RE: Nuclear power development in UK going bust?

@HamburgerHelper: None of the generation technologies you list (except hydro) would be considered as base load generation. Nuclear, fossil fuel (coal), and hydroelectric plants run at full load all of the time to generate the minimum amount of electricity that is needed all of the time. Solar, wind, battery and any as-yet developed technologies are used to provide for peak demands on a reduced duty cycle basis, considering whether the wind is blowing and the sun is shining. Natural gas generation is attractive now because the fuel price is low today, but subject to unpredictable increases based on other unpredictable situations that may arise. Also, natural gas is a contributor to CO2 greenhouse gas emissions which contribute to global warming if you subscribe to that.
The Fukushima power plant employed technology that was around 50 years old at the time of the accident. New, safer technologies have been developed to safeguard against an accident of that type, but there are few installations as of today using any of the newer technologies. Provided that the regulatory requirements are frozen (instead of frequent changes requiring major redesigns during construction of new plants), nuclear power generation is economical and clean. That, of course, ignores the problem of what to do with spent fuel which is dangerous for centuries or more. That issue has become a political 'hot potato' and is likely to never be resolved to everyone's liking.

Brad Waybright

It's all okay as long as it's okay.

RE: Nuclear power development in UK going bust?

2
Brooke,

Supplying 8 hours of power to the system through battery power is much different than having batteries operating as peaker units. In MISO, battery installations will be cheaper than peaker units 2023-2025. This is an indisputable fact that Peaker units will be replaced largely by batteries.

Natural gas will be the cheapest form of base load generation for the foreseeable future. That is why people are shutting down coal and nuclear units and converting coal units to gas or dual fuel. Natural gas beats everything else and it is not even funny. The only place that you are going to see coal units be built is like in Alaska or some region that does not have access to natural gas. China is building them like hotcakes but that is what they have access to. I don't think anyone even considers anything but natural gas for new generation with the exception of wind and solar if you have the option for natural gas. You are seeing reciprocating natural gas units being built that can fire up fast and are cheaper than single stage gas turbine. Gas is going to be cheaper than everything else for base generation for a long time.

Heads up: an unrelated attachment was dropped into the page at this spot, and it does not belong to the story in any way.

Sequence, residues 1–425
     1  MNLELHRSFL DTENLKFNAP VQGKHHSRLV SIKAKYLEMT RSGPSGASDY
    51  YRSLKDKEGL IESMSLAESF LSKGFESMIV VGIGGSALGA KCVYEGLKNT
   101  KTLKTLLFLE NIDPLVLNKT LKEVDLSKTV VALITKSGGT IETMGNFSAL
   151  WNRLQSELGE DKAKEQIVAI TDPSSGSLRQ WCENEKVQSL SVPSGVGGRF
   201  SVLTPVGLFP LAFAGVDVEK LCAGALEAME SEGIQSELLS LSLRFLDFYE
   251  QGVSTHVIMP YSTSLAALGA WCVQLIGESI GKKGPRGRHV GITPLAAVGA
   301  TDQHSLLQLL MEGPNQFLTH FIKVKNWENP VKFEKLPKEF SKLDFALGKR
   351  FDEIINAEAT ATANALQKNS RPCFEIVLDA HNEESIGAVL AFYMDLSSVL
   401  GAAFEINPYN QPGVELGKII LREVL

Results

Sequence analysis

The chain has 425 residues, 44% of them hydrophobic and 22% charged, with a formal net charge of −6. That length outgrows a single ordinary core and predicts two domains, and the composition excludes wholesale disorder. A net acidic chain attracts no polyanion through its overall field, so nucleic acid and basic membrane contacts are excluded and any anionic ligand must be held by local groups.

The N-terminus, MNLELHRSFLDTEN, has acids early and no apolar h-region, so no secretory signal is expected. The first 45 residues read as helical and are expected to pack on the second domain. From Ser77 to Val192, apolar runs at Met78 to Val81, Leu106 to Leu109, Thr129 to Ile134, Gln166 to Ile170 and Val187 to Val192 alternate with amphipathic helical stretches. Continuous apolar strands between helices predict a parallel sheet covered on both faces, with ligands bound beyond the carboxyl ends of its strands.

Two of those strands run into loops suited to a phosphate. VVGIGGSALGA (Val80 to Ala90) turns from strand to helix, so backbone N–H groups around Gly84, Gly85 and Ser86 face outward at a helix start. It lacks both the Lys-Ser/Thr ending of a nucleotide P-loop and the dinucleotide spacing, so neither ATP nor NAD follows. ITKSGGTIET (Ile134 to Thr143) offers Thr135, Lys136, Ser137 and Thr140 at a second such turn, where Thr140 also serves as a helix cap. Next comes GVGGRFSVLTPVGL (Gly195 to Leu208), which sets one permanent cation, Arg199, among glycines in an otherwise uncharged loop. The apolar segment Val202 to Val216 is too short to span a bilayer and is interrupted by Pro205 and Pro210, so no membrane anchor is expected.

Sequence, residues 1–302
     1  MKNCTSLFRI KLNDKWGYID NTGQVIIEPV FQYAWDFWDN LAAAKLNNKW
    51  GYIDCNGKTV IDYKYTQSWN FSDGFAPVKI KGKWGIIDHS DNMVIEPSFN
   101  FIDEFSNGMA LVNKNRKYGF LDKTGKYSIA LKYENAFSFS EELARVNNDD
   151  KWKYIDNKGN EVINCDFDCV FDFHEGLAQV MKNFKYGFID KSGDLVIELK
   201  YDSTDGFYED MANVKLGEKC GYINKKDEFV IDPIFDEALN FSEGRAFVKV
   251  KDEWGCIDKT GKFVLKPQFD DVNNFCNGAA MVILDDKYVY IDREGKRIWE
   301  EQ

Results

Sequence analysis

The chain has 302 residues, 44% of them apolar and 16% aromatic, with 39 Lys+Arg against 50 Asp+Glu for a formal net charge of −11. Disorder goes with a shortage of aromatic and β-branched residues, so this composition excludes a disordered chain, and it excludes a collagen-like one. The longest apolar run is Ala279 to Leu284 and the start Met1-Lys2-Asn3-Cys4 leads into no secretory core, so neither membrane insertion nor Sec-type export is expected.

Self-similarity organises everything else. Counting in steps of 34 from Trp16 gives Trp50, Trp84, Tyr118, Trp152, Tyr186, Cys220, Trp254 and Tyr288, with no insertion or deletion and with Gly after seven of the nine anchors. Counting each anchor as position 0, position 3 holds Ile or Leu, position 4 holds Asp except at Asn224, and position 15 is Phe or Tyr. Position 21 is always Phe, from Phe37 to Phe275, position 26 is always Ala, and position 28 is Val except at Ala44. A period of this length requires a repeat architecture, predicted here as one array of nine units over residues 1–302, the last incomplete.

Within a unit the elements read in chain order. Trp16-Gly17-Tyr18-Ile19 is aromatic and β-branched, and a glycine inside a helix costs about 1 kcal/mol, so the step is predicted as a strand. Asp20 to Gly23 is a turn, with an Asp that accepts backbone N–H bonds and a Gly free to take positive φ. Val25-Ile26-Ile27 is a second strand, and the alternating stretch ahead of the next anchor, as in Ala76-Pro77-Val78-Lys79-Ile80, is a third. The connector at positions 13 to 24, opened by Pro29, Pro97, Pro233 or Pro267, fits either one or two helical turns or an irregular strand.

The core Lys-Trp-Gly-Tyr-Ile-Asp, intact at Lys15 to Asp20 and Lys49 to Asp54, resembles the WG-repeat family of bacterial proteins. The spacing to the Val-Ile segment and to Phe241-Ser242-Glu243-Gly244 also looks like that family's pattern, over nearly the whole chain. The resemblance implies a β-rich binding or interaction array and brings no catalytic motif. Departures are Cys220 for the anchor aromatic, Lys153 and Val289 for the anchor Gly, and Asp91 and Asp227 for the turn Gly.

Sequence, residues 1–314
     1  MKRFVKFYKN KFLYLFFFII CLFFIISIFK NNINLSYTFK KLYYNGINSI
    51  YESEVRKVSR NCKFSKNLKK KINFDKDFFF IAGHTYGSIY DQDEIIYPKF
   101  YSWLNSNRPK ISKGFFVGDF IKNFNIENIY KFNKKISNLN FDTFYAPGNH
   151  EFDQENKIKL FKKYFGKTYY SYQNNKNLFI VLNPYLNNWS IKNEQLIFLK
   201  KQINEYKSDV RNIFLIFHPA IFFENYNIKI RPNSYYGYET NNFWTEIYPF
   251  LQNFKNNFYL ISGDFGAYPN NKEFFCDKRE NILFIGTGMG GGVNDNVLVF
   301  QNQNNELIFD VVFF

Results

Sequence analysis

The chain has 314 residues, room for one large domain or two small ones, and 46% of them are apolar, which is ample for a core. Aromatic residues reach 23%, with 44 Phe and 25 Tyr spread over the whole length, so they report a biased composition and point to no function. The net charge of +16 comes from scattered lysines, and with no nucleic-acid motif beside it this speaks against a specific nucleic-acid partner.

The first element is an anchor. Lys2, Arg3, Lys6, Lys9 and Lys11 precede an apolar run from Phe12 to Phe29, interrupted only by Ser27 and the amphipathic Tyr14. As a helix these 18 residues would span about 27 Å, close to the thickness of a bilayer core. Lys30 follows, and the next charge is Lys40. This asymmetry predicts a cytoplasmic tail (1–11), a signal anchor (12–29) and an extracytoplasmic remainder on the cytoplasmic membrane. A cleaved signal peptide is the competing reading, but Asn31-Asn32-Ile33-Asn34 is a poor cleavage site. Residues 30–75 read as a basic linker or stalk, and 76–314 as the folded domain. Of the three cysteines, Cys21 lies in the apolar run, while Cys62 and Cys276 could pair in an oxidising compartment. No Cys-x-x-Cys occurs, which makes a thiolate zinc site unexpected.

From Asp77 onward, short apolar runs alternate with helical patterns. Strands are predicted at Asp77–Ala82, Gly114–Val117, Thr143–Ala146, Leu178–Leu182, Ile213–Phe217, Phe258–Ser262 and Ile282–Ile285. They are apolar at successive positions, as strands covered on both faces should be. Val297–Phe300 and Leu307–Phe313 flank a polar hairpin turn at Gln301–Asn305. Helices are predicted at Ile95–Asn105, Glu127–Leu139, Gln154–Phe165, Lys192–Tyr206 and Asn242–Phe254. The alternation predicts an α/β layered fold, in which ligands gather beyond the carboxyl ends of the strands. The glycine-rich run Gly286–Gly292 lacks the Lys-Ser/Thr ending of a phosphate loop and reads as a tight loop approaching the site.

I don't buy the idea at all that the grid is going to change radically. Anyone who says that we are going to be moving to a system where everyone has their own battery and generates their own power is trying to sell you something, doesn’t understand the economics of the grid, or lives in a region that places no premium on cheap energy. Residential solar produces power in the range of $0.20 per kwh range. The average cost across the U.S. for transmission and distribution cost is about $0.04 per kwh. The difference between in cost between generation utility scale solar and residential solar is about $0.15 per kwh. It doesn't make any sense form an economic perspective to have residential solar over utility scale solar. The installation cost per utility scale solar vs residential scale solar is about half. You have all the benefits of scale working for you that completely offset the transmission and distribution cost. It doesn't work and only works if the regulators demand it, incredible subsidies are put in place, or you have customers that don't really care about the price of energy.

Residential battery storage cost about $0.20 per a kwh, which is a lot to pay for electricity in most regions in the U.S.. A battery unit at a residence is more a toy than something that makes any sense and no California doesn't count. Their system is completely messed up and not at all geared towards supplying cheap and reliable power.